Today’s team review is from Jessie, she blogs at http://behindthewillows.com
Jessie has been reading The Sorcerer’s Garden by D Wallace Peach
I have a new belief.
The word “entrails” should not be used more often than necessary, possibly never and certainly not more than once a book.
I’m not sure how often “entrails” was mentioned in The Sorcerer’s Garden but it was, per my new belief, too many times.
I am well aware that not everyone has the same beliefs as me (My own husband, for instance, can not seem to grasp the fact that sheets should never be tucked into the bottom of the bed when you go to sleep or your feet will suffocate in the confined space). To each his own. If you are of the type that does like such things, I have a book here for you that is chock full of amazingly detailed, exciting, graphic fight scenes, complete with gushing blood, rolling heads and… entrails.
If you have a similar belief system as I do, I have a book here that is hard to put down. There is a story within the story and when the main character starts showing up in the story within the story, well even a bit of entrails couldn’t stop me finding out what happened next. And if that sentence confused you a little bit, I understand, it was a little bit confusing, but in a good muddled-for-a-purpose sort of way.
Would I recommend it? Here’s the thing, entrails aside, I didn’t love the wrapping up of the plot. Not the actual ending, that was great, but the part that would have been the Clue master proclaiming “It was Mr Green in the conservatory with the lead pipe!” Which was sad because the rest of the book was engaging with likable characters and sprinkled with humor. But who knows, maybe it was just me. I always was more of a Colonel Mustard type, perhaps you’ll like it, just watch out for those entrails!
Recently fired and residing with her sweetly overbearing mother, Madlyn needs a job—bad. In a moment of desperation, she accepts a part-time position reading at the bedside of adventurer and amateur writer Cody Lofton. A near-drowning accident left the young man in a vegetative state, and his chances of recovery wane with each passing day.
Cody’s older brother, Dustin, and eccentric grandmother aren’t prepared to give up on the youngest son of Portland, Oregon’s royalty.
Dustin’s a personable guy, bordering on naïve, and overwhelmed by familial corporate duties and cutthroat partners. Grandmother Lillian’s a meddler with an eye for the esoteric, dabbling in Dustin’s life and dealing out wisdom like a card shark. One innocent conversation at a time, she sucks Madlyn into the Lofton story, dubbing her the princess and bestowing on her the responsibility of both grandsons’ destinies.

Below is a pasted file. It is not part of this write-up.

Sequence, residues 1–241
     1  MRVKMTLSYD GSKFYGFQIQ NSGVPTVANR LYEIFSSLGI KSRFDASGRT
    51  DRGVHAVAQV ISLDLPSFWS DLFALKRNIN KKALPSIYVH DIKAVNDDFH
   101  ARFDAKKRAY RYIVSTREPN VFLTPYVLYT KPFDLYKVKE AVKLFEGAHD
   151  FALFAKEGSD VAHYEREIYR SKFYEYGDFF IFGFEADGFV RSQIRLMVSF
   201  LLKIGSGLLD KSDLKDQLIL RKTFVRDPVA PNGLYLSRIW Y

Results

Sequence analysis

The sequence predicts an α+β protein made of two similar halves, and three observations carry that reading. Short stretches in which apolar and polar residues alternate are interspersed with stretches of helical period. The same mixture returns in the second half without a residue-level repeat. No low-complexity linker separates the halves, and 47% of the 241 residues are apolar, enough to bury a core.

And all Madlyn wanted was a simple reading job.
Uninspired by her self-imposed stack of literary selections, Madlyn opts for Cody’s work-in-progress. Fantasy isn’t her favorite, but with only four chapters completed, reading The Sorcerer’s Garden should be no sweat, right?
Little does she realize, the story will begin writing itself and, by the hand of destiny, become her own.
About the author
I didn’t care for reading as a child – I preferred Bonanza and Beverly Hillbillies reruns, Saturday morning cartoons and the Ed Sullivan show. Then one day, I opened a book titled The Hobbit.
Tolkien … literally changed my life.
I love to write. It’s a luxury I never expected I’d have time for – life got in the way. You know how that goes – kids, work, chores… sleep. I worked for 18 years in business where amassing coin was the all-consuming objective. It required huge amounts of time and mental energy. And for me personally, it was soul-slaying.
Then on September 11, 2001 two planes flew into the World Trade Center. I was working in Connecticut, about 2 hours from ground zero, and remember sitting in a conference room, watching the second tower fall.
That tragedy initiated a process of redefinition for me, an evaluation of what was vital and important. Life felt short and precarious, and I started to wonder if it was time to do something that actually mattered. I began to write.